A recent TCC decision has provided further guidance as to what is required for a valid notice of dissatisfaction under the NEC form. The decision confirms that a notice of dissatisfaction is required for challenges to enforcement as well as to the merits of an adjudication decision. However, challenges to enforcement must be separately specified and will not be covered by a general expression of dissatisfaction with the decision.
Notices of dissatisfaction: a recap
Under the Construction Act, an adjudication decision is temporarily binding until finally determined by court or arbitration (i.e. the tribunal). However, some contracts require a notification to be issued, within a certain timescale, if a party is to preserve the right to challenge an adjudication decision. Under the NEC suite of contracts this is called a notice of dissatisfaction.
In Transport for Greater Manchester v Keir Construction, the TCC considered the level detail required for a valid notice of dissatisfaction under the NEC form. The NEC does not address this expressly and the Court concluded that a valid notice “would have to be clear and unambiguous so as to put the other party on notice that the decision was disputed but did not have to condescend to detail to explain or set out the grounds on which it was disputed”.
In Prater Limited v John Sisk & Son (Holdings) Limited, the TCC found that a notice of dissatisfaction under the NEC form was required both for challenges to the validity or enforceability of an adjudicator’s decision as well as challenges to the substantive merits of a decision.
For a more detailed review of these two recent TCC cases, see our previous Law-Now here.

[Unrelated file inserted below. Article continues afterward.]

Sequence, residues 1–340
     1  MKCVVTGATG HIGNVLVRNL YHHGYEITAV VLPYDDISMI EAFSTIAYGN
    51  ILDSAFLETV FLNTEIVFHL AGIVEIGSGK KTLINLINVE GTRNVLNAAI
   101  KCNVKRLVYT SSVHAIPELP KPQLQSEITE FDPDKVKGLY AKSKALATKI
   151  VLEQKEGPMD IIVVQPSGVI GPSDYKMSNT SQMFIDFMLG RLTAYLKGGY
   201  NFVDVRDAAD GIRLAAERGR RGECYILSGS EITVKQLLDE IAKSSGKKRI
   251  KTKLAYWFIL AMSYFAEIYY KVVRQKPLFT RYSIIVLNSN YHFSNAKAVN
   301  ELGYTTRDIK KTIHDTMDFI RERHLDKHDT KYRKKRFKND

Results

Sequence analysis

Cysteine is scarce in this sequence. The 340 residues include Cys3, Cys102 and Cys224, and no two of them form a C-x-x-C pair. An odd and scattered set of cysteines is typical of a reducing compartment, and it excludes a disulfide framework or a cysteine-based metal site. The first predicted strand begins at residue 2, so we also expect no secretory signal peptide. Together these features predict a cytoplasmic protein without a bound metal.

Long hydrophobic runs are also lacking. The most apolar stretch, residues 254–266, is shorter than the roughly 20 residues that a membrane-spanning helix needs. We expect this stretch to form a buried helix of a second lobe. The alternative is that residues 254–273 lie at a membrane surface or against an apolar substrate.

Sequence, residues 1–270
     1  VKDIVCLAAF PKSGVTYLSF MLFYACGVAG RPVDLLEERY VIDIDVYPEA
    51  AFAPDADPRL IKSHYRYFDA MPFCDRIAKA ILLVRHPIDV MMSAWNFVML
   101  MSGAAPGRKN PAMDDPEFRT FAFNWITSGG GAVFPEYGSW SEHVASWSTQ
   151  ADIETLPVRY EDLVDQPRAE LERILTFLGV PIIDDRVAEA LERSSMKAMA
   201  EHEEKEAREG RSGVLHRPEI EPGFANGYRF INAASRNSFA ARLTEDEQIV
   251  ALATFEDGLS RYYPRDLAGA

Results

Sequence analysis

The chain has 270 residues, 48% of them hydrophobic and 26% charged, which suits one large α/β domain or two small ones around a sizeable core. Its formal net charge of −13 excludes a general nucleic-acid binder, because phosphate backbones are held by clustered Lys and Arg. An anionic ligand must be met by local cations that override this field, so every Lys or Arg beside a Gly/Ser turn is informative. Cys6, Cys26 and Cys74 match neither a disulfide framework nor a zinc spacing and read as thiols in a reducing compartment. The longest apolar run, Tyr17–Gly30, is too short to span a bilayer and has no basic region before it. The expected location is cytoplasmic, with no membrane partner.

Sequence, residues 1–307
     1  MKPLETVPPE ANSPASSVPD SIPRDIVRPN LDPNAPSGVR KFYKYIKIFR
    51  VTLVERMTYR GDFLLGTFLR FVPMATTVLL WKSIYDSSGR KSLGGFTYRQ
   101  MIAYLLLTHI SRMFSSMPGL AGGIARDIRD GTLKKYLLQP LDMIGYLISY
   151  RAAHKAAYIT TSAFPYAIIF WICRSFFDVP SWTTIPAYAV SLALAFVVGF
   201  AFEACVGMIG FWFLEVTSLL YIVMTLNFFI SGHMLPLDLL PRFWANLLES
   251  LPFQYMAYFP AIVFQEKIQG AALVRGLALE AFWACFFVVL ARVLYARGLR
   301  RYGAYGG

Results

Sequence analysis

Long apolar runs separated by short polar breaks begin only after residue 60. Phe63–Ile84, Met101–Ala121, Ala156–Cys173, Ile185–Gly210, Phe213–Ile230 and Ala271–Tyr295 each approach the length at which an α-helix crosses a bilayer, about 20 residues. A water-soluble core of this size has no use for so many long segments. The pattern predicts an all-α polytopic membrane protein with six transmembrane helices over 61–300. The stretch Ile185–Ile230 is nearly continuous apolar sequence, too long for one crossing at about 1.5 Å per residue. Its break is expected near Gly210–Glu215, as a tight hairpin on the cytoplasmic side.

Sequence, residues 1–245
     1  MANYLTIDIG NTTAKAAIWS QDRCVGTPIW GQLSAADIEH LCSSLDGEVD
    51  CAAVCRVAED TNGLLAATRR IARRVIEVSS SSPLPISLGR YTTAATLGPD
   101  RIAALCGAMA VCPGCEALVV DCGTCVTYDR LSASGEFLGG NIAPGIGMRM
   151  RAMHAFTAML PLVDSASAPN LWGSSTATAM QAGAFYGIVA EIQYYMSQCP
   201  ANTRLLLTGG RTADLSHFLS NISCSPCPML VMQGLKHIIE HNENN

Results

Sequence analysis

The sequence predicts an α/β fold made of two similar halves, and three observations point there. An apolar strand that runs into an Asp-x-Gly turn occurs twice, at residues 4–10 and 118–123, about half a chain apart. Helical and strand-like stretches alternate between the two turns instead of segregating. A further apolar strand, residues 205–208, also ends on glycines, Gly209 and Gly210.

Metropolitan Borough Council of Sefton v Allenbuild Limited
In this most recent case the TCC has reconsidered the detail requirements of an NEC notice of dissatisfaction where a challenge to the validity or enforceability of an adjudicator’s decision is concerned.
The dispute concerned alleged defects relating to works carried out under an NEC Contract. The Council obtained an adjudicator's decision awarding it £2.2 million plus interest and commenced court proceedings to enforce that decision.
Allenbuild resisted enforcement and relied on a notice of dissatisfaction issued in relation to the “entirety of the Adjudicator's Decision including all of the Adjudicator's conclusions, reasoning, and decisions”. It claimed this prevented the “decision from being final and binding and leaves open any challenges on any basis whatsoever (whether as to enforceability or final determination)”.
The Court did not accept that argument and noted that “whilst a notice of dissatisfaction need not descend into the details of the substantive challenge, the issue of the validity of an adjudication decision is of a fundamental different character from its merits”.
The Court found that in order for the notice of dissatisfaction to be valid it ought to make it clear whether a challenge is being made to the validity of an adjudicator’s decision on jurisdictional grounds, instead of, or in addition to, a challenge to its substantive merits. The wording above was not sufficient as it did not make clear that a challenge was being made to the validity of the adjudicator’s decision, on jurisdictional grounds, in addition to the challenge against the merits of the decision.
Conclusions and implications
This case highlights an important qualification to the rule that a generally worded notice of dissatisfaction will be valid under the NEC form. In order to preserve any challenge to enforcement of an adjudication decision, parties will now need to make specific reference in a notice of dissatisfaction to enforcement challenges as well as challenge to the substantive merits of the decision. It is unclear from the Court’s judgment whether the nature of the enforcement challenge needs to be to be spelt out in the notice. In keeping with previous decisions, a large amount of detail is unlikely to be required, but it would be prudent for those drafting such notices to identify in general terms whether the enforcement challenge concerns jurisdictional issues on the one hand or natural justice issues on the other.
TheMetropolitan Borough Council of Sefton v Allenbuild Limited  EWHC 1443 (TCC)
Prater Limited v John Sisk & Son (Holdings) Limited  EWHC 1113 (TCC)